A two-and-a-half year project is drawing to a close.
Andron Construction is putting the finishing touches on , which now has a new library, boiler room, administration site, classrooms, among many other upgrades.
During a presentation at Tuesday's board of education meeting, Hank Lyons of Andron shared some of the recent work.
"We appreciate the working relationship," Mary Fox-Alter said of the dynamic between Andron Construction and the district over the years.
Lyons said he agreed, and pointed out at the project's completion, there are not only aesthetic changes to the school, but also mechanical, electrical, etc.
"It's a modern day building," he said.
This past year, Lyons and his team worked on the lower two levels of the 1929 high school, renovating classrooms, art rooms, a new green rom, computer lab, the district's offices and a meeting space for the special education department in the former library.
Additionally, the new science classroom has been finished with work stations, gas and sinks available for use.
The orchestra and choral rooms will also be separate this year.
"Chorus and orchestra was in the same room for the past few years," said Fox-Alter. "Each have their own space now."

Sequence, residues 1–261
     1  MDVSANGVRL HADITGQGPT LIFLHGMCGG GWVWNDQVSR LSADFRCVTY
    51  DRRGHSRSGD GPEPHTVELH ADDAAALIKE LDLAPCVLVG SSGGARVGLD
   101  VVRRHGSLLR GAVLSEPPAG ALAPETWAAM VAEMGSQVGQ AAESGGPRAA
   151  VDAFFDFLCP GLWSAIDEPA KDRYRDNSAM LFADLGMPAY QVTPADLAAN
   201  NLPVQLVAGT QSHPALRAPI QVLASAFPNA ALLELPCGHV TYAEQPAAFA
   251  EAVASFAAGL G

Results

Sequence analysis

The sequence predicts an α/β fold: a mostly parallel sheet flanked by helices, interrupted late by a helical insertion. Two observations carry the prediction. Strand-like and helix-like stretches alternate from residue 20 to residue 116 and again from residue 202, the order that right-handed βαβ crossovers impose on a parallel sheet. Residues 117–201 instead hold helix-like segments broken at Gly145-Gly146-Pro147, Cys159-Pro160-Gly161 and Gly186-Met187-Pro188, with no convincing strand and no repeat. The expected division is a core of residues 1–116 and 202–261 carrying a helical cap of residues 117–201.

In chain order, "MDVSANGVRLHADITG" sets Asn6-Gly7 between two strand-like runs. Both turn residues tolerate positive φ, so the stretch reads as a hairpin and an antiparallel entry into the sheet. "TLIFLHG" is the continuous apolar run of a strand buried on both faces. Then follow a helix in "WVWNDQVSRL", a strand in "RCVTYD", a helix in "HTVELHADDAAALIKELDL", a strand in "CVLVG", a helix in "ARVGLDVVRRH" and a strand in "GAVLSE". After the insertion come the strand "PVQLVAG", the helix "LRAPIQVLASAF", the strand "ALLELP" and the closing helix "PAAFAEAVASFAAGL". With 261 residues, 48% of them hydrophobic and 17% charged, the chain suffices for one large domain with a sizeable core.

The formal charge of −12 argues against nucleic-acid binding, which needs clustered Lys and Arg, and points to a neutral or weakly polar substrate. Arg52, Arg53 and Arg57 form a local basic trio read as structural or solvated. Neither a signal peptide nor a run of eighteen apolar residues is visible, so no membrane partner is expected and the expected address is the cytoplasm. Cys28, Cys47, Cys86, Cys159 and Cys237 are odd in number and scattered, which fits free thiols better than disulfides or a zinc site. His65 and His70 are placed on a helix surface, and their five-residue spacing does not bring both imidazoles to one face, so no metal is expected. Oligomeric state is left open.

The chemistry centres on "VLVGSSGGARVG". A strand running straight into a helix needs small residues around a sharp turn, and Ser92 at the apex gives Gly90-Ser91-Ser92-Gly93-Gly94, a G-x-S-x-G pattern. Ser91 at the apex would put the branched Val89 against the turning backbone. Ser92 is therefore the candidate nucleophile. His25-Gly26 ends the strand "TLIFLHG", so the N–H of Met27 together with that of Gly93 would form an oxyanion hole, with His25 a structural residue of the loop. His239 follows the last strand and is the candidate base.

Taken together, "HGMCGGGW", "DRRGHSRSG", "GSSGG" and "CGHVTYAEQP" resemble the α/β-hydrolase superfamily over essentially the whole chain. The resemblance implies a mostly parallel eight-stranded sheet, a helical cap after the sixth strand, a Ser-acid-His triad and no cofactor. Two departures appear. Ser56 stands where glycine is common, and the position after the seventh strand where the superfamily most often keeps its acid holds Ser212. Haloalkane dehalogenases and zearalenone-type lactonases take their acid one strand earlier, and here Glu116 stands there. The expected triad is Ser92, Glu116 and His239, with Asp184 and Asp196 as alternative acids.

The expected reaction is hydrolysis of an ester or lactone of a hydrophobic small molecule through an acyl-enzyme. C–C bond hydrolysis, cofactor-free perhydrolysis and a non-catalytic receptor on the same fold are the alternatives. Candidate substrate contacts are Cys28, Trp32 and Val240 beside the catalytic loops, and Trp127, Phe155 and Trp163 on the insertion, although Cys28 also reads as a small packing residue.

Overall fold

Lyons described the updated senior cafeteria as "clean and bright," while adding, "Freshman Hall does not have an industrial feeling anymore."
Fox-Alter said when some students toured the building, they were especially in awe of Freshman Hall's changes.
Alumni Plaza has also been cleaned up, while the bricks representing alumni have been carefully placed back to exactly where they were prior to construction.
Board Vice President Thomas Exton asked if all of the building will be available for use by students come Tuesday, which Lyons said it would be.
"Basically, today, the last pieces of construction equipment were taken [away]," he revealed. "Substantial completion is where we are now."
Exton commented, "It's been a remarkably smooth two-and-a-half years. We are opening on schedule. We are on budget."
Trustee Louis Conte asked if the upgrades incorporate energy efficient practices.
Lyons said the lighting controls in the building are movement—and sometimes sound—sensitive, which allows them to turn off when rooms are unoccupied, and even dim during daylight hours.
The mechanical components, including fans, heat, etc., "come on when they're supposed to and turn off when they're supposed to," he said.
"It's a beautiful, beautiful campus," said Fox-Alter.